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Summer, Autumn, and Winter Quarters.

In like manner as we have given the precepts for judging the vernal equinox, even so must the student proceed in forming his predictions from the remaining quadrants of the year, framing his horoscope for the summer quarter, at the precise hour and minute when the Sun enters the constellation Cancer; for the. autumnal quarter, when Sol enters the beginning of the sign Libra, and the hyemal, or winter quarter, when he in like manner touches the first star in the constellation Capricorn. The time when each of these takes place, the Ephemeris, as before said, will accurately show; and, moreover, these ingresses are in the Ephemeris calculated to solar time, which requires no addition or subtraction whatever to be made, contrary to nativities where the time is accounted by clocks and watches, and consequently not correct, till regulated by the Sun.—Thus the method of predicting by the horoscopes of the year in State Astrology, is void of any difficulty in the process, and sufficiently plain and easy to any one who will but pursue the subject in a scientific way, as we have heretofore described.

As a stimulus to such proceedings, it may not be deemed altogether irrelevant to the subject, by remarking that the most remarkable events in the fate of Europe and the surrounding nations, hone been actually foretold, (through the simple but beautiful theory of Judicial Astrology).—Thus, in the Prophetic Almanack, the exact day on which the late Queen Caroline died was predicted twelve months before it took place, and at a time when the subject thereof was in the enjoyment of health, and to all appearance long-lived; as also the war with the Burmese, and other special predictions.—And to go no farther back than the present year, in the Prophetic Messenger for 182?, the author of the work predicted the death of the late illustrious and lamented Duke of York; the similar changes in the cabinet ; the aggression in Portugal, &c.—Even as late as the last month, (November 1827) there is the following remarkable announcement of an event that even now continues to occupy almost undivided attention, namely, the battle of Navarino. The author's words are these w The Turks are going to open variance with a gigantic power / a dreadful shipwreck or disaster at sea is shown by the signs of the month, which are remarkably replete with evil* &c." Therefore it necessarily follows, if that the science, when closely studied, invests the diligent enquirer with these " prophetic powers which we have given proofs that it does, it must be worthy of the patronage and support not only of the learned, but of the most dignified; since many contingent events, which necessarily cause almost fatal errors in the system of foreign dominions, might by this means be rectified and partially prevented.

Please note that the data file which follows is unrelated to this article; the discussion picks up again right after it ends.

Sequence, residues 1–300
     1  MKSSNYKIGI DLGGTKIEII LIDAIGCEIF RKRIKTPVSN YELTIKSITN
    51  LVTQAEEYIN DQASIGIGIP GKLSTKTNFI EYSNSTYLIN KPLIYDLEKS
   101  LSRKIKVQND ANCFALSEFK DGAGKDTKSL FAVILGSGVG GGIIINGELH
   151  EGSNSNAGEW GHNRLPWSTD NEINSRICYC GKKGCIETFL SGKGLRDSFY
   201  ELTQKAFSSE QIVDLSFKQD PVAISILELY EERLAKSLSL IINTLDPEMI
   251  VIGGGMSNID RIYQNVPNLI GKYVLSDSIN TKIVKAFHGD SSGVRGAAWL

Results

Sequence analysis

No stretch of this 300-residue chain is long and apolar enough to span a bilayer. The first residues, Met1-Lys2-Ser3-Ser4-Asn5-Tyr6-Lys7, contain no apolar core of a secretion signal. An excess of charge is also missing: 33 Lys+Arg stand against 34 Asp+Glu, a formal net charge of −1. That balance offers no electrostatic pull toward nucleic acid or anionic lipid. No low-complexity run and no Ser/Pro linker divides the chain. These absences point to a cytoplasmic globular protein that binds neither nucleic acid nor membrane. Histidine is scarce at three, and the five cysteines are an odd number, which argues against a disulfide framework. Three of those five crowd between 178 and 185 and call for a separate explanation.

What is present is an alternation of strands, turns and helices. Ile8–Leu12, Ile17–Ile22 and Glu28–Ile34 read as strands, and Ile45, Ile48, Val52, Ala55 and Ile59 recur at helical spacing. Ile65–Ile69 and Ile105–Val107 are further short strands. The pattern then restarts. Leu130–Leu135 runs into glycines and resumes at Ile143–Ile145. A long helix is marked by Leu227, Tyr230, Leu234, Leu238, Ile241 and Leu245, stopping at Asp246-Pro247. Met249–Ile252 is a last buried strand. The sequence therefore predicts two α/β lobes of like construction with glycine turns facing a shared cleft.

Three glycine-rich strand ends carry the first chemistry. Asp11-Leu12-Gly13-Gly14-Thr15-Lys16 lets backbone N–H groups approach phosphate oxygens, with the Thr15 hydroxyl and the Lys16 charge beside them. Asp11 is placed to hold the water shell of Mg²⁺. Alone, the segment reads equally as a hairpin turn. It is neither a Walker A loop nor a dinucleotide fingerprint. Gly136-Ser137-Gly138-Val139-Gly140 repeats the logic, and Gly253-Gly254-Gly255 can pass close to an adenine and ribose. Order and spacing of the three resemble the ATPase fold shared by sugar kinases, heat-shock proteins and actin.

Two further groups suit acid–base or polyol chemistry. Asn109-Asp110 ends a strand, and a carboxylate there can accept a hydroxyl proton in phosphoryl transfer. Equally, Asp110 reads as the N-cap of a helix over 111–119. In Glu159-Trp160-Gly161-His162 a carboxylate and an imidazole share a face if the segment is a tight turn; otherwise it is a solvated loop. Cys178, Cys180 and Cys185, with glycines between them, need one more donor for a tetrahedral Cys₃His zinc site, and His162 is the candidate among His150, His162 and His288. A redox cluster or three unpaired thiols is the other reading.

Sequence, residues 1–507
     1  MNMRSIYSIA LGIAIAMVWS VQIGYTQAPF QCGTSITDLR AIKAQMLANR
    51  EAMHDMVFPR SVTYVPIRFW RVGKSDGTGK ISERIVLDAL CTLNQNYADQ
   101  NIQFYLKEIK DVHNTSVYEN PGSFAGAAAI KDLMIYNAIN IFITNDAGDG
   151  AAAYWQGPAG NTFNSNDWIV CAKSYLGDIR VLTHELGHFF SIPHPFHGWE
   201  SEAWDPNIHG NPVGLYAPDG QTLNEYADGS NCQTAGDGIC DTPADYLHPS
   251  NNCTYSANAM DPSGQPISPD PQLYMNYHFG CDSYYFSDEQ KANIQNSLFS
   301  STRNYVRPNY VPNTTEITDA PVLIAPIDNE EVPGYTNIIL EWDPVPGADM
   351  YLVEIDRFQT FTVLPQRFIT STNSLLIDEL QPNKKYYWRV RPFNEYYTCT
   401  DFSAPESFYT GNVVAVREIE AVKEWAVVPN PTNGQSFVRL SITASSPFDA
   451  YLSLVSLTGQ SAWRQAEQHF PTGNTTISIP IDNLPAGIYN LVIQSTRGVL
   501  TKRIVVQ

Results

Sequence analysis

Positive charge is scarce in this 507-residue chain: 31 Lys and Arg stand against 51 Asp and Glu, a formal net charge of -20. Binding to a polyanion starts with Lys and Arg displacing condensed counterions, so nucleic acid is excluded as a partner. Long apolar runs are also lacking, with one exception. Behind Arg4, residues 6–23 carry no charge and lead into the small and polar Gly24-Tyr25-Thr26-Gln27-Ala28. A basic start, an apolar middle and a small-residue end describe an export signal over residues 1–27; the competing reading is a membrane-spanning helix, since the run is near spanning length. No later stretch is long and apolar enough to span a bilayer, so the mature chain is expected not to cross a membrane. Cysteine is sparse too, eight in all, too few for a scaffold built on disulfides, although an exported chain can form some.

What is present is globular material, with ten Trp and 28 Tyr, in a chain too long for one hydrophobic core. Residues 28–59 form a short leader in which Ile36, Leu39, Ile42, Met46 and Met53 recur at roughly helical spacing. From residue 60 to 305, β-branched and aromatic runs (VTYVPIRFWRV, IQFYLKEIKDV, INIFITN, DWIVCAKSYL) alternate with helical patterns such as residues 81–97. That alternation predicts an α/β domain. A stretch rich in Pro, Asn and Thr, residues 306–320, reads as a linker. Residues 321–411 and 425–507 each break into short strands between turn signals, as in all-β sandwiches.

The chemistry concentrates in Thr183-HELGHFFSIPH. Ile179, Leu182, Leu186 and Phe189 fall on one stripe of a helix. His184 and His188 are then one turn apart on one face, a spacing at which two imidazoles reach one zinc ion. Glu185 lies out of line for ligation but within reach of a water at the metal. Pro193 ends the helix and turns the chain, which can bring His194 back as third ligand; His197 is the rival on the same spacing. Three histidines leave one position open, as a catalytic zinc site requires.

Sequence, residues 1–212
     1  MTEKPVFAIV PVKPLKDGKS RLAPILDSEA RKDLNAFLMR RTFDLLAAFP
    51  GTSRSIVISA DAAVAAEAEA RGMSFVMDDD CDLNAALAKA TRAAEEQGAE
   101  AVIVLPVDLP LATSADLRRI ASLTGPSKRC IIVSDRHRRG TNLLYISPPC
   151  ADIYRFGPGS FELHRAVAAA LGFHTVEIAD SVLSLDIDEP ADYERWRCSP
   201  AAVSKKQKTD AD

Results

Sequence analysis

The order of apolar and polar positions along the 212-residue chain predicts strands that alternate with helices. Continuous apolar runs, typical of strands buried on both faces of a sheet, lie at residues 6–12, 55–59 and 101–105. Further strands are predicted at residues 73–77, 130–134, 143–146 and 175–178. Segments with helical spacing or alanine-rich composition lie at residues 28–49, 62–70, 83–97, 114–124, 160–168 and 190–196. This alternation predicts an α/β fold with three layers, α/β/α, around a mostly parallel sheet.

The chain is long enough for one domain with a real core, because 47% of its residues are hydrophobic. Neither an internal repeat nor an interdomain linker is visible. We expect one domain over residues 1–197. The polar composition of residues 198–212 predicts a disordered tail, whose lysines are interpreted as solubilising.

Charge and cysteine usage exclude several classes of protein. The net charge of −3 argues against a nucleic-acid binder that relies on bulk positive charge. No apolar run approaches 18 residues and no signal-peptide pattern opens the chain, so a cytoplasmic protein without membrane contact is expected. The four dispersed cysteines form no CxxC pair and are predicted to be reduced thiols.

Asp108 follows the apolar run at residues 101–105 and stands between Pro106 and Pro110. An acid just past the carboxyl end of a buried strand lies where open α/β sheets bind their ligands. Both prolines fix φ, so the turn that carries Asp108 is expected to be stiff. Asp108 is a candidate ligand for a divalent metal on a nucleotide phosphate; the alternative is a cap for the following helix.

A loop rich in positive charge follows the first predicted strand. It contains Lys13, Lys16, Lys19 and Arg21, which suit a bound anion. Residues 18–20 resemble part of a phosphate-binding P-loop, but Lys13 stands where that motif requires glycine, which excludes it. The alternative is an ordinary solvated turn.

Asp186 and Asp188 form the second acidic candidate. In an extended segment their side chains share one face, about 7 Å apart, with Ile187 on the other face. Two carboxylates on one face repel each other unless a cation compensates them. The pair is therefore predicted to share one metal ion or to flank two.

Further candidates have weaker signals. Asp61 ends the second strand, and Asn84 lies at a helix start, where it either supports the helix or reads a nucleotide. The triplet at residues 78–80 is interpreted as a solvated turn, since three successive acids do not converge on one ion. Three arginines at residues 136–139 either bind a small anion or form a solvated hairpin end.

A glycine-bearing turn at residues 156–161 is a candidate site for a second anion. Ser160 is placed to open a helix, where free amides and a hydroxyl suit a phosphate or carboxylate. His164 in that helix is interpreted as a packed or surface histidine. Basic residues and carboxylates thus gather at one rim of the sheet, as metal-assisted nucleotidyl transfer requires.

Doubtless, great care and almost undivided attention to the courses of the stars and the " bright messengers of Heaven," coupled with a true philosophical and patient genius, entirely divested of prejudice, with a rigid observance of truth in every instance, are qualifications not easily found at the present day, when wealth and power are the idols most men worship; but still it must be allowed, that " patience and perseverance will perform wondersand no one should rest satisfied with a bare superficial examination of any art or science, but according to that saying of the ancients, Veritas in Pieteo (or " truth lies hid in a well") they should strive by all possible means to arrive at the possession of sterling knowledge, which is the noblest